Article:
Gulf Oil Spill Monitoring

The events surrounding the Deepwater Horizon accident were devastating to Louisiana and we continue to work with our partners to understand the effects of this disaster through long-term monitoring of the coast with support from the American Birding Association and in collaboration with the Cornell Lab of Ornithology and the National Audubon Society.

 

Louisiana Bird Resource Office and American Birding Association Coastal Surveys 

We have three major efforts to understand the impacts of the oil spill. The first is to continue the coast-wide surveys, which are being completed by an expert team of observers very familiar with coastal Louisiana. Monthly surveys are the goal and with the recent grant from the American Birding Association, surveys will continue through Summer 2012.

  

Louisiana Bird Atlas 

Another effort to measure the effects of the spill is to simply continue the Louisiana Bird Atlas. We have effort-based data from the coastal areas impacted prior to the effects of the spill. This is a perfect example of why atlas data are important. These data were made available to the National Resource Damage Assessment team as they work to measure the impacts.

  

Audubon Coastal Bird Surveys 

We are also working with National Audubon's new program to survey coastal areas repeatedly with the Audubon Coastal Bird Survey protocol. This is a Gulf-wide effort and we strongly encourage Louisiana birders to help. Instead of competing for observers, we are making sure our protocols are compatible. This means you get more citizen-science mileage per unit of birding effort. 

Volunteer bird watchers are needed to help conduct Audubon Coastal Bird Surveys (ACBS) in Louisiana and the four other Gulf Coast states.  Frequent surveys along standardized routes during key migratory and winter periods will provide valuable population and habitat-use data.  These surveys will also help Audubon identify and address conservation needs of coastal waterbirds and shorebirds, many of which are experiencing population declines.  Such information is vital in an ecosystem facing a variety of threats, including coastal marsh loss, frequent oil spills, and human disturbance or development of beaches.  Even our familiar Sanderling is experiencing population declines and the Gulf of Mexico provides critical stopover and wintering habitat for this and other beachfront specialists like Piping Plover, Wilson’s Plover, and Red Knot.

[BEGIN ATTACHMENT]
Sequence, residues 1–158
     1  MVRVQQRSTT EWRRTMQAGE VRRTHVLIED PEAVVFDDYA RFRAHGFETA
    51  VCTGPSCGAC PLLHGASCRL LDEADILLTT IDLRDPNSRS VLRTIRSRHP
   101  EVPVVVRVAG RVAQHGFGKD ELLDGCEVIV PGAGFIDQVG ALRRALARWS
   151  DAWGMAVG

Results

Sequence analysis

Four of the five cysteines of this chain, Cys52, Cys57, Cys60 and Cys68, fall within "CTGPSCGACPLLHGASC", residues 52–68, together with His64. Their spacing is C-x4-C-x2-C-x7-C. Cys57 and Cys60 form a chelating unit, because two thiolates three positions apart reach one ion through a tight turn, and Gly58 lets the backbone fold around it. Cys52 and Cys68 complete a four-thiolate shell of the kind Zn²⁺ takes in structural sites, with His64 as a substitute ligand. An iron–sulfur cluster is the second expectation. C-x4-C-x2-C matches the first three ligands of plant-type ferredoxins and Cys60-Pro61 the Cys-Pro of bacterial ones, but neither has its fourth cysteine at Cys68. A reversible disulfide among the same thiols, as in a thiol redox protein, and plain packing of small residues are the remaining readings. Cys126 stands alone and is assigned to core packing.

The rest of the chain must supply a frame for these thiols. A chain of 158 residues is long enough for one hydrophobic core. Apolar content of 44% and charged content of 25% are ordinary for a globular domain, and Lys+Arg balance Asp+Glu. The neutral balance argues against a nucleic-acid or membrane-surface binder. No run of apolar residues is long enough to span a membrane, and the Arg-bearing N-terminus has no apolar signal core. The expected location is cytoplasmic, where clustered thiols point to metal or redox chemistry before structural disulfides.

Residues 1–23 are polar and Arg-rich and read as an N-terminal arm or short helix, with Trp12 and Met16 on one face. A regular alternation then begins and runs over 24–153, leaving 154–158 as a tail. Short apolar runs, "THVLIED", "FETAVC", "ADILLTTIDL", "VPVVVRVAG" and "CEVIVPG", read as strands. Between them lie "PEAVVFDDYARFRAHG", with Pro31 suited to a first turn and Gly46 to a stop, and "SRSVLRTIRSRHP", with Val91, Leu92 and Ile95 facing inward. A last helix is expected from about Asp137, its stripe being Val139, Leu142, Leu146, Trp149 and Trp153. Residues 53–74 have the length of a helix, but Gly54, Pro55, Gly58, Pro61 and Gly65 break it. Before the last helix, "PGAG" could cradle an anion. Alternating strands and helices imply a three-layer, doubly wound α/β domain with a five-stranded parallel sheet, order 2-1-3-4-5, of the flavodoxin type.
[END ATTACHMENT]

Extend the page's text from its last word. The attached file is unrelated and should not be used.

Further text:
How can you help?  If you can identify a suite of about 25 regularly occurring shorebirds and waterbirds, including terns, plovers, and some sandpipers, then you are likely a candidate coastal bird surveyor!  Depending on the route, each survey involves walking about 1-2 miles and should take no more than 2 hours to complete.  Audubon will also conduct training seminars, lead shorebird walks, and pair novice bird watchers with more experienced surveyors.  If you would like to participate in the program or would like more information, please contact Dustin Renaud, Audubon’s Gulf of Mexico volunteer program manager or Erik Johnson, Audubon’s Gulf of Mexico conservation biologist.

 

Media Development Partnership

Finally, we worked closely with the Cornell Lab of Ornithology's media team to obtain footage and photos of coastal Louisiana birds during and after the spill. You can find some of the incredible products via the links provided below:

 

Deepwater Horizon: One Year Later

 

 

Restoring America's Delta

 

 

How Nature Works: Barrier Islands

  

 

 

** Header Image is Brown Pelicans by Jason Griffith **